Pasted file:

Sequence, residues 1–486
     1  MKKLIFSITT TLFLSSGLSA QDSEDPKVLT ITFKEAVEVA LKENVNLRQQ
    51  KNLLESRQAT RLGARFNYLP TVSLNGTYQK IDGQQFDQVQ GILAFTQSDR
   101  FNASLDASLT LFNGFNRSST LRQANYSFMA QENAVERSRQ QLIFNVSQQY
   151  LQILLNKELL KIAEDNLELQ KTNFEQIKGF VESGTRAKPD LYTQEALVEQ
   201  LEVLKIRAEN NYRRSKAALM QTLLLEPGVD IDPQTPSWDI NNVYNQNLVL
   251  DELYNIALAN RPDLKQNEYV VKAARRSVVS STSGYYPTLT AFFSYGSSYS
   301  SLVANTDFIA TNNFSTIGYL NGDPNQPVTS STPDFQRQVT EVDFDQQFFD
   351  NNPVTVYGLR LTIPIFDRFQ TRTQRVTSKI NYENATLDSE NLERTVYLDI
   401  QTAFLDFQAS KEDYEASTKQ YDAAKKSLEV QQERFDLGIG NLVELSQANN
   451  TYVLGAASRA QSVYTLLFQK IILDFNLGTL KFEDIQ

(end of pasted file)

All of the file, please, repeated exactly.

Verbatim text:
Sequence, residues 1–486
     1  MKKLIFSITT TLFLSSGLSA QDSEDPKVLT ITFKEAVEVA LKENVNLRQQ
    51  KNLLESRQAT RLGARFNYLP TVSLNGTYQK IDGQQFDQVQ GILAFTQSDR
   101  FNASLDASLT LFNGFNRSST LRQANYSFMA QENAVERSRQ QLIFNVSQQY
   151  LQILLNKELL KIAEDNLELQ KTNFEQIKGF VESGTRAKPD LYTQEALVEQ
   201  LEVLKIRAEN NYRRSKAALM QTLLLEPGVD IDPQTPSWDI NNVYNQNLVL
   251  DELYNIALAN RPDLKQNEYV VKAARRSVVS STSGYYPTLT AFFSYGSSYS
   301  SLVANTDFIA TNNFSTIGYL NGDPNQPVTS STPDFQRQVT EVDFDQQFFD
   351  NNPVTVYGLR LTIPIFDRFQ TRTQRVTSKI NYENATLDSE NLERTVYLDI
   401  QTAFLDFQAS KEDYEASTKQ YDAAKKSLEV QQERFDLGIG NLVELSQANN
   451  TYVLGAASRA QSVYTLLFQK IILDFNLGTL KFEDIQ